Snake information continued

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This is the fourth in a series about dangerous and irritating Eastern Washington Critters.

Today we continue our discussion about snakes in Eastern Washington with information from Washington State Fish and Wildlife and other Internet sources, along with my observations and experiences.

Last week we learned garter snakes, rubber boas and Western rattlesnakes bear live young from eggs retained in the body until hatching. All other Washington snakes lay eggs in protected areas where the eggs receive enough external heat to hatch. This is amazing to me, as the young are hatched from eggs inside the female. Wow.

Young are born from July through September and fend for themselves after hatching. Young snakes grow rapidly and reach sexual maturity in two or three years.

Snakes are preyed upon by badgers, coyotes, foxes, opossums, raccoons, skunks, weasels, great blue herons, hawks, eagles, and owls. Monte Holm once told me about watching his sheep dog in a confrontation with a rattlesnake.

The dog circled the snake, which was coiled and ready to strike. The dog continued to circle the snake for some time, until the snake became uncoiled and began to slither out of the area.

This is the action the dog wanted. As soon as the snake was angling away, with the head away from the dog, it rushed in and grabbed the snake behind the head and broke the snake’s spine, killing it. I actually found an Internet video showing this happening, with a coyote and a rattlesnake, but couldn’t find it today.

Near human habitation, humans, domestic cats and dogs, lawn mowers, weed-whackers, and vehicles fatally wound or kill snakes. I would say most snakes found near homes are killed. A friend told about finding a rattlesnake on his lawn, a few yards from his front door.

He went and picked up a garden hoe and approached the snake, intending to kill it. His wife was standing several yards behind him. His plan was to strike the snake several times, but as he hit the snake the first time and raised the hoe to strike again, the snake went up with the hoe and landed behind him close to his wife. Yes, they are still married.

I’ve killed several rattlers with a garden spade, which is long enough to approach the snake without danger. These days the spade is used to pick up the snake and move out of the trail.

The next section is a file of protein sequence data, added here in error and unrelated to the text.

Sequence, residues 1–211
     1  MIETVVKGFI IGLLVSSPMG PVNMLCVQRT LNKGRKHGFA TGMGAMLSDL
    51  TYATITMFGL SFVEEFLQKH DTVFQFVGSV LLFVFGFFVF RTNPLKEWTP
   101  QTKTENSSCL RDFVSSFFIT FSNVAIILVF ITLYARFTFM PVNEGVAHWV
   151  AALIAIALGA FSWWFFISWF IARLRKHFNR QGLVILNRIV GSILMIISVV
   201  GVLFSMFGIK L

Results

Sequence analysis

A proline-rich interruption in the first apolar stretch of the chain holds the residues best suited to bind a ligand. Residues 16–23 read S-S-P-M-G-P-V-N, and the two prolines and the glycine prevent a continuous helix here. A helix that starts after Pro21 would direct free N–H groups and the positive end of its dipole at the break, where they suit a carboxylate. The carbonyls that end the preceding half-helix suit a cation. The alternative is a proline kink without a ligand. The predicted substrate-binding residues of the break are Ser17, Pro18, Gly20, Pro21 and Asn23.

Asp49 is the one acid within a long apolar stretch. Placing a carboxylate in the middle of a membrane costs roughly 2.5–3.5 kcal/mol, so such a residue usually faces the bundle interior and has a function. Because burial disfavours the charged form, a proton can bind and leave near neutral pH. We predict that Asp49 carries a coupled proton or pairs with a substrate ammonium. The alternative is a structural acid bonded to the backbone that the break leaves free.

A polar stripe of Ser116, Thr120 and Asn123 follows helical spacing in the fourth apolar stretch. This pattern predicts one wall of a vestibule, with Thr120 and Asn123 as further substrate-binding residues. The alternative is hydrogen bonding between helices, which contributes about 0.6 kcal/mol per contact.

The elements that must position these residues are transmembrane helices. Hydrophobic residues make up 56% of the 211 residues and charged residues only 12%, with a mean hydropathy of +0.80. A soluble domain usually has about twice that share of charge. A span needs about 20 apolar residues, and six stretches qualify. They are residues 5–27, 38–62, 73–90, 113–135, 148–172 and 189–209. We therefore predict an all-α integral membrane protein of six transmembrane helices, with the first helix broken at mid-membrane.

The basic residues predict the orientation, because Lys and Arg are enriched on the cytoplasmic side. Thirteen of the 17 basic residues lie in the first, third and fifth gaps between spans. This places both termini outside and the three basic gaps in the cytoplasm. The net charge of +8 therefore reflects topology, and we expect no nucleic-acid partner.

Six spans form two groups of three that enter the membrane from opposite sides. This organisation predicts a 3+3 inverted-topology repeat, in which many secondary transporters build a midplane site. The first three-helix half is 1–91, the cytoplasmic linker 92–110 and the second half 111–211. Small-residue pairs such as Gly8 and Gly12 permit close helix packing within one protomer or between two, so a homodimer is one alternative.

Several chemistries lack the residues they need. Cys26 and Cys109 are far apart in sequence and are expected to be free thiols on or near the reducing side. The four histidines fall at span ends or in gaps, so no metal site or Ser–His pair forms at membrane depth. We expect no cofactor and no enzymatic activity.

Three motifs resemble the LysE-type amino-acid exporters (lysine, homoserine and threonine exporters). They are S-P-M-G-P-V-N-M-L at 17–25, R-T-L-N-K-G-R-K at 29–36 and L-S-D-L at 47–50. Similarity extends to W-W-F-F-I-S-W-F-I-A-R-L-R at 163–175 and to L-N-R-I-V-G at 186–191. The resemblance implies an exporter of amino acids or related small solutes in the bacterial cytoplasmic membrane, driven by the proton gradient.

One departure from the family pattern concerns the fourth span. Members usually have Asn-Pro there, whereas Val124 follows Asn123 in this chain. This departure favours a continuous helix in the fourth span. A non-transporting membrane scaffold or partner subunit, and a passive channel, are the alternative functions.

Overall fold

Garnet and I were fishing Rocky Ford Creek one spring. Garnet had asked me if the snakes were out yet? Of course, I said no. After a few minutes of fishing, she said, “Dennis the stick in front of me is moving.” It was a rattlesnake, so we moved to a different location.

Garter snakes

Garter snakes have lived as long as 18 years in captivity. Such ages might be exceptional for wild snakes, but little is known on this subject.

Three species of garter snakes occur in Washington. Small garter snakes eat earthworms and slugs; larger snakes include amphibians, small rodents, nestling birds, and fish in their diet.

Garter snakes survive in suburbia and towns because they give birth to live young and do not require safe places for their eggs. Their name comes from their alleged resemblance to the garters once worn by men to hold up their socks.

When disturbed, garter snakes will try to escape, but if threatened they may strike, bite and smear foul-smelling anal secretions on your hands. A bite from one of these nonvenomous snakes may be alarming, but will rarely break the skin.

The common garter snake is found from coastal and mountain forests to sagebrush deserts, usually close to water or wet meadows or your garden. Next to the Northwestern garter snake, this species is the most frequently encountered snake. It has brightly colored stripes (yellow, green, blue) that run lengthwise along its body and a grayish-blue underside. It grows to two to three feet in length.

The Western terrestrial garter snake occurs in a wide variety of habitats and, despite its name, it spends a lot of time in water. This garter snake is usually gray-brown or black, with a dark, checkered pattern between yellow stripes.

Gopher/bull snake

The gopher snake, also known as the bull snake, is found in warm, dry habitat, deserts, grasslands, and open woodlands. It’s a robust snake, measuring three to four feet in length, with dark blotches against tan along its back.

The gopher snake is often mistaken for a rattlesnake, owing to its coloration and its impressive display of coiling, striking and loud hissing. It will also vibrate the tip of its tail in dry grass and leaves, further mimicking a rattlesnake. However, it is not venomous. It is a constrictor, killing prey, mostly small rodents, by squeezing them until the prey suffocates.

This snake is aggressive. I have had them rear up, looking like a king cobra, and hiss. My action is to always get out of the way of a bull snake.

Next week: More info about Washington snakes

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